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3 Legal Tips for Business Name Changes

It's time to update, so you're considering a brand overhaul and a business name change. Many companies do it, both big and small.

Blackberry used to be Research in Motion until it named itself after its most popular product, while Apple Computers simply streamlined by turning into Apple. Recently, the tech giant Google grew too big for one name, adding Alphabet. So it is common and can prove profitable to change your business name. Just remember these three legal tips, plus some, for when you begin.

DTSA: Employers Must Notify Workers of New Whistleblower Protection

Do you have trade secrets? What about employees or contractors? If so, you need to know that a new law is in place, the Defend Trade Secrets Act (DTSA), which requires employers to notify workers of limited immunity for disclosure of a trade secret in the context of whistleblowing.

The DTSA provides limited immunity from liability for confidential disclosure of a trade secret to the government or in a court filing, reports patent law blog Patently-O. The immunity for whistleblowers applies in state and federal and criminal and civil cases.

After being told to ensure their drivers were not safety risks, Uber and Lyft have picked up their ridesharing app and fled Austin, Texas. The companies had spent $8-$9 million trying to pass Proposition 1, which would have exempted them from fingerprinting and performing background checks on drivers -- the same regulations under which cab companies operate.

When that lobbying effort failed, the two companies disrupted their way out of town, leaving around 10,000 drivers out of work with less than 48 hours notice. (Good thing those drivers weren't employees, or the mass layoffs may have violated the WARN Act.) So what's next for Uber, Lyft, and the city that tried to hold them accountable for rider safety?

3 Biz Tips From Bezos: Taking a Page From Amazon's Book

There is plenty of advice online for business owners, much of which you should consider with caution. But if results are evidence then you can put your confidence in the tips of Jeff Bezos, founder of Amazon, a multibillion-dollar-business heading for valuation in the trillions, according to CNBC.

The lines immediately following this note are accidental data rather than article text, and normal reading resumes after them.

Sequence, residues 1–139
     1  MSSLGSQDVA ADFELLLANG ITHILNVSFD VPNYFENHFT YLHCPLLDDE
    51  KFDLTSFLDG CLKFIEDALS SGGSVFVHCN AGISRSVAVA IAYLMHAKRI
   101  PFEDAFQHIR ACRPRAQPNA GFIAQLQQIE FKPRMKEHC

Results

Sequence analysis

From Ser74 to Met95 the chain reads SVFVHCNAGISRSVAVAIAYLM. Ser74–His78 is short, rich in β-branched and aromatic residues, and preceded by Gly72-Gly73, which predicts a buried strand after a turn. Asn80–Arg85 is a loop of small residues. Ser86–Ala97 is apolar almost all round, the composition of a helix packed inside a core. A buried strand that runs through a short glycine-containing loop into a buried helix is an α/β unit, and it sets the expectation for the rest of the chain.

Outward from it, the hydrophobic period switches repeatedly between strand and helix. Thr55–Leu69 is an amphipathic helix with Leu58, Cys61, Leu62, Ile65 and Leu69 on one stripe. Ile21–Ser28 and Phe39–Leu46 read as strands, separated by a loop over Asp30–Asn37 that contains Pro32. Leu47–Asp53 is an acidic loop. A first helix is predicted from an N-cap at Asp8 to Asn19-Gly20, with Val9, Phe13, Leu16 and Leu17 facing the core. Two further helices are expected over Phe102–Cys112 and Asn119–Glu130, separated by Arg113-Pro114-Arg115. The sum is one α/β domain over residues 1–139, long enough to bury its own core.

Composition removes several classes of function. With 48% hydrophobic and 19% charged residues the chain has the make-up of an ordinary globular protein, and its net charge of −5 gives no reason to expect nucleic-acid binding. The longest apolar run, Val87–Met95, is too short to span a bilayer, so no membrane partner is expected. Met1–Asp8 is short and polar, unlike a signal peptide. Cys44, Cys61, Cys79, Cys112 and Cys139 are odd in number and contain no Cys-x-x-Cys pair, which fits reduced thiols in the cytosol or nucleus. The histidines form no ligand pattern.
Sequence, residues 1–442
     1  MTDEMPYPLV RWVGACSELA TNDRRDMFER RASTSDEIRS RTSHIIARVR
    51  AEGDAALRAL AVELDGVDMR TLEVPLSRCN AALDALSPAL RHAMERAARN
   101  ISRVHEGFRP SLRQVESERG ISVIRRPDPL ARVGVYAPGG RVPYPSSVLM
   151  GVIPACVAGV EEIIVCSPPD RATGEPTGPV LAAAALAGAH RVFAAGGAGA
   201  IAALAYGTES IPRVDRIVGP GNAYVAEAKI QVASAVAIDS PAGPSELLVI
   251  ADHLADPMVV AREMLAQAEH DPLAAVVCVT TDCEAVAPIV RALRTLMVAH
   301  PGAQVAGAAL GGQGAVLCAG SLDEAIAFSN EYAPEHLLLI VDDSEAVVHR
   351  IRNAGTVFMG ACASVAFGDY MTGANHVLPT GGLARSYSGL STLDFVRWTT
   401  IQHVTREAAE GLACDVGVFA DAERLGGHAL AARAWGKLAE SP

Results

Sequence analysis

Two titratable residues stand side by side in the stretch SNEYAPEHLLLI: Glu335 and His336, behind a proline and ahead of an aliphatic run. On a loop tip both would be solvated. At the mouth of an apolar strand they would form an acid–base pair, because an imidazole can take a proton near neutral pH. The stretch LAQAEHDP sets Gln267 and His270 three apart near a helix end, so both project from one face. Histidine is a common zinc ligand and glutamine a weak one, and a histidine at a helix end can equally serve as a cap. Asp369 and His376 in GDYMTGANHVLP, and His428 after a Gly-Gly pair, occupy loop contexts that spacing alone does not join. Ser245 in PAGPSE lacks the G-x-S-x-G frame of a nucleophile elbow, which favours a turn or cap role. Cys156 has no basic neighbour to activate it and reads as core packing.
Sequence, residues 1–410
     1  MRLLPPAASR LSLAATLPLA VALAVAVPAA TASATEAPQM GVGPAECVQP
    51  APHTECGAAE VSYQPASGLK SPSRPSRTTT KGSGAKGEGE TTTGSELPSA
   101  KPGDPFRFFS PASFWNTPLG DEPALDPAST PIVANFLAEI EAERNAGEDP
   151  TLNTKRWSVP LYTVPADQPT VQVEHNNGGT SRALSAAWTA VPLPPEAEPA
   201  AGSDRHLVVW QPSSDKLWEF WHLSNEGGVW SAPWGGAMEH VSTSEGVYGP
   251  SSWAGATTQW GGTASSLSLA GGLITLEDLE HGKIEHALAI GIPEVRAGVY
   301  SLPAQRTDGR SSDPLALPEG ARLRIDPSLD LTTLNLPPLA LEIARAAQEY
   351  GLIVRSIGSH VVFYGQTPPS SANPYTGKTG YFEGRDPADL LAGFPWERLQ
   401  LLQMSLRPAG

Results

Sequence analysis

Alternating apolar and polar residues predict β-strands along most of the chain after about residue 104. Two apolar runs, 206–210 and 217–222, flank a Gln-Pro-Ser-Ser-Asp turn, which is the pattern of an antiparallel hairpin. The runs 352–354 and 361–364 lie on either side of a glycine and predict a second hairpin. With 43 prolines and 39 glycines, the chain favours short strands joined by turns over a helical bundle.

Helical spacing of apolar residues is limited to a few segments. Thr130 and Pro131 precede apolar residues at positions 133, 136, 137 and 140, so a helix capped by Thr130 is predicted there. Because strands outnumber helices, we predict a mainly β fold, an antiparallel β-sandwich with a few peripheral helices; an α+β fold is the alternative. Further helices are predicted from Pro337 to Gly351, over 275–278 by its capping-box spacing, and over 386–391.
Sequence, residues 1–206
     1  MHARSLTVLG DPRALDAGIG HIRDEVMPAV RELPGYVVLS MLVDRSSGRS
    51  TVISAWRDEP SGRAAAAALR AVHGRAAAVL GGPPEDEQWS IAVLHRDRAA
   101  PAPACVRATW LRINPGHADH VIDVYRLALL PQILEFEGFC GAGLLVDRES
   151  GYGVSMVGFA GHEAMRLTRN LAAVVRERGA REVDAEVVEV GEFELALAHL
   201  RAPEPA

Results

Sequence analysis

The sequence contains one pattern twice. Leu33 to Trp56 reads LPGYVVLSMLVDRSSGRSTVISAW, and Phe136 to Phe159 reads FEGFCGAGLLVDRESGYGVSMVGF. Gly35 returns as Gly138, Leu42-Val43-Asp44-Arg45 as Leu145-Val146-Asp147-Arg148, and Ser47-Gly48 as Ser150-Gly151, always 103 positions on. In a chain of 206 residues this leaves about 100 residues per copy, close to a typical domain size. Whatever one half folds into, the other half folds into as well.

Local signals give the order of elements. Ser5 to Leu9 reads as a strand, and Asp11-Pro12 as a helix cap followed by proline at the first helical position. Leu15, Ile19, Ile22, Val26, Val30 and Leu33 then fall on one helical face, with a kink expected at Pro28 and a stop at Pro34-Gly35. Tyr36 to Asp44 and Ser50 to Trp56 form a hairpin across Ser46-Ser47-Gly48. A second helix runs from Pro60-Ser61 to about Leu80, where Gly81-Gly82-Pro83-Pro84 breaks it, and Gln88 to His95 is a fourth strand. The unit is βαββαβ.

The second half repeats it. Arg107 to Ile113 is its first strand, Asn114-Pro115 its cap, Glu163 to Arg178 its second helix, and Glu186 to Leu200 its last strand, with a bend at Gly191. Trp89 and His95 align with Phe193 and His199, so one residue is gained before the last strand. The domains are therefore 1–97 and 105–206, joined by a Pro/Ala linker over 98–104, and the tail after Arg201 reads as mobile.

Bezos is famous for his shareholder letters, in which he outlines his vision for the future. This vision always accommodates failure, and even expects it. Let's consider three tips from this biz whiz.

Are Oral Contracts Ever Legal for Small Business Deals?

If you are making a deal, you should get it in writing. Sure, oral agreements can be enforceable, but there are exceptions. Many of the deals made by small businesses need to be in writing to be legally enforceable. Even if a contract can technically be made with an oral agreement, having a written record can help if the deal ever sours.

When you get things in writing and try to clarify terms to the extent possible, you can avoid misunderstandings and focus on growing your business. Let's consider some contracts basics.

Online Business Win: Louisiana's Age-Verification Law Gets Tossed

A federal judge last week ruled that a Louisiana statute requiring booksellers and publishers online to verify the age of website visitors is unconstitutional. The law is intended to protect minors from harmful materials, reports the Courthouse News Service, but the court found it violated free speech rights.

The American Civil Liberties Union called the ruling a victory for free expression, and local booksellers and publishers are no doubt breathing a sigh of relief. But you should too -- here is why the ruling means something to you even if you are far from Louisiana.

This week is the SBA's Small Business Week, so we'll be featuring legal advice for small businesses all week long. Today's topic is closing up the shop you opened -- how to sell or end your business.

Most entrepreneurs don't want to think about walking away from the companies they've founded, but that day comes for almost all of them. Whether you're moving on to the next big challenge or riding off into the sunset of retirement, the day will come when you and your small business part ways, so here's how to be prepared and to sell or end your business in the right way at the right time.

Lawsuits, for better or worse, are a fact of business life. And just because a business is small doesn't mean it can't or won't get sued. When small businesses get sued, other small business owners take notice and try and learn from the lawsuit, because there are lessons everywhere you look.

Here are five of the biggest small business lawsuits in the news recently, and the lessons other small business owners can take away:

Contract Advice for the Self-Employed

If you are self-employed you've probably already discovered that there is a lot to do and you could use some help with basic contract issues. Maybe sometimes you imagine that if you had a legal team, everything would be easier.

That might be true. But there are quite a few things you can do on your own -- and times when it is right to decide not to do much. Knowing the difference will make your working life easier. Here are a few tips on what problems to handle, how to handle them, and how to figure out when a problem is too big to handle independently.

Tips to Keep Personal and Business Finances Separate

Having a small business is great because it lets you be the boss. But being the boss means having more responsibility and there are a lot of things you must decide when you are in charge. One of the most important is a method for financial management.

As much as your business may feel like your whole life, you do need to separate your personal finances from those of the business and keep the boundaries strict. The first step to financial health in both of these aspects of your existence, business and personal life, is not mixing. Let's look at the ABCs of keeping your business organized.